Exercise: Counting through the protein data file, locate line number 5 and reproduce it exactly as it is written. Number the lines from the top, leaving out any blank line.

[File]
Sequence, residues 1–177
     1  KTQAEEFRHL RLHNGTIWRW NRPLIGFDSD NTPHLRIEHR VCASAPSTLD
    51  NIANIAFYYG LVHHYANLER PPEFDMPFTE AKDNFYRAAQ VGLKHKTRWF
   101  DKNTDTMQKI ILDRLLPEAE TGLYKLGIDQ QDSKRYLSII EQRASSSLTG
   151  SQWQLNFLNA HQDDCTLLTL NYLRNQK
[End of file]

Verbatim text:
   151  SQWQLNFLNA HQDDCTLLTL NYLRNQK